A few things though:

One, upon first tasting this, my first impression was to spread a bit of margarine on top.  Much like I would bread.  I guess that is no surprise.  But, it suggests that my next attempt (Polenta #2) will definitely substitute some milk, cream, or even butter for all that water. The 'plain' polenta was very much just that.  Some extra fat in there would not go amiss... even just more vegetable or olive oil would work.

Two, the corn was good.  But the contrast between the relatively savoury polenta base and the sweet and juicy corn kernels was quite sharp.  I think I would do corn again, but perhaps add a touch of sugar in the mix to make the whole thing a bit sweeter.  Any kind of sugar would work, including fruit.  So that's an idea.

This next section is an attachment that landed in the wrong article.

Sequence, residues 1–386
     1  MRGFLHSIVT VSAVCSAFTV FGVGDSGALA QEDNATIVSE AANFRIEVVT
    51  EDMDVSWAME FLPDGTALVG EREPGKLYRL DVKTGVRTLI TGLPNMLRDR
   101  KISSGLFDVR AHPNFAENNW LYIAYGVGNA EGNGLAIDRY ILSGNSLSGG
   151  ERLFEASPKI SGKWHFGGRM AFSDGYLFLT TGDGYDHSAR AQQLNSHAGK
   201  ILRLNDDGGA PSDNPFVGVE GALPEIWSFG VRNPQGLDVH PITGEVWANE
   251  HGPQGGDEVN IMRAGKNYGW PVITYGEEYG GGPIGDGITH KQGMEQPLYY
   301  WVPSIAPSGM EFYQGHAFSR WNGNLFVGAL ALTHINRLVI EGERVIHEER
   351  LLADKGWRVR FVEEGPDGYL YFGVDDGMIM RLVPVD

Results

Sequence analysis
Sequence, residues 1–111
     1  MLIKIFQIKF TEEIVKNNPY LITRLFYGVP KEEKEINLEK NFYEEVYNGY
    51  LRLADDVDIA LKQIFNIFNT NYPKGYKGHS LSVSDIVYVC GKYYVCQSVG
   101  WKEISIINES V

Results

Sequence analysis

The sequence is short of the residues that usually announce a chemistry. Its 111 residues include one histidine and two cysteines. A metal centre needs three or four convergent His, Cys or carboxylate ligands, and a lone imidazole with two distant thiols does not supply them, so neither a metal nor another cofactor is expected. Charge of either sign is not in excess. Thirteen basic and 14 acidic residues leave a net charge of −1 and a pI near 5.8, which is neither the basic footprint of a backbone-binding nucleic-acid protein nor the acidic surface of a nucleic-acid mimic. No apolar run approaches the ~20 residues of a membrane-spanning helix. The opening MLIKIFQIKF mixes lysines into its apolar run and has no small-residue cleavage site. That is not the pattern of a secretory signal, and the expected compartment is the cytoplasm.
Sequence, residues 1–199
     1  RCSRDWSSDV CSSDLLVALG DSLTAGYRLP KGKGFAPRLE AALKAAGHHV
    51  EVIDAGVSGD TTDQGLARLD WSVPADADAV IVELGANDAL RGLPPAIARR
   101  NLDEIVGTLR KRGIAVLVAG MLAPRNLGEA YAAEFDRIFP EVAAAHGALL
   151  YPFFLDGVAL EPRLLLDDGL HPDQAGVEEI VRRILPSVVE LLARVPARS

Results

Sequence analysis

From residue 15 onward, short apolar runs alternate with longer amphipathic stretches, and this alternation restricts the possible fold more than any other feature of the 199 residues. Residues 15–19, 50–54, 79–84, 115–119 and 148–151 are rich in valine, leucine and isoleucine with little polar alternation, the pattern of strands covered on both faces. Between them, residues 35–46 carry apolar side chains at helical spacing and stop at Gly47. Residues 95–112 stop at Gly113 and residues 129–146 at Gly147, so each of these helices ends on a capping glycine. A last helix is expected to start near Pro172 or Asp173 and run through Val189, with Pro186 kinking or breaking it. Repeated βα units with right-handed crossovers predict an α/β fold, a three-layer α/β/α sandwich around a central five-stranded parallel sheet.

I definitely would try making a more 'Italian' kind of polenta in the future, with the addition of some tomato sauce and maybe a pepper or something.

The bottom line, however, and something which did surprise me, is that polenta is wholly VERSATILE.  I believe you could make a polenta to go with almost anything, with the right customization.

And the notion of 'grilling' a nice spicy polenta is definitely intriguing.  I think a slice of nicely grilled, crispy polenta would serve as a positively excellent bed for anything from grilled vegetables to a nicely barbecued flank steak or something.  Grilled asparagus with a drizzle of aioli overtop, grilled fish with butter, or a steak with a creamy pepper or blue cheese topping.  The possibilities are endless.

Definitely opened up a whole lot of new opportunities for me.  And this stuff is so cheap, and despite taking a bit of time, is dead simple to make.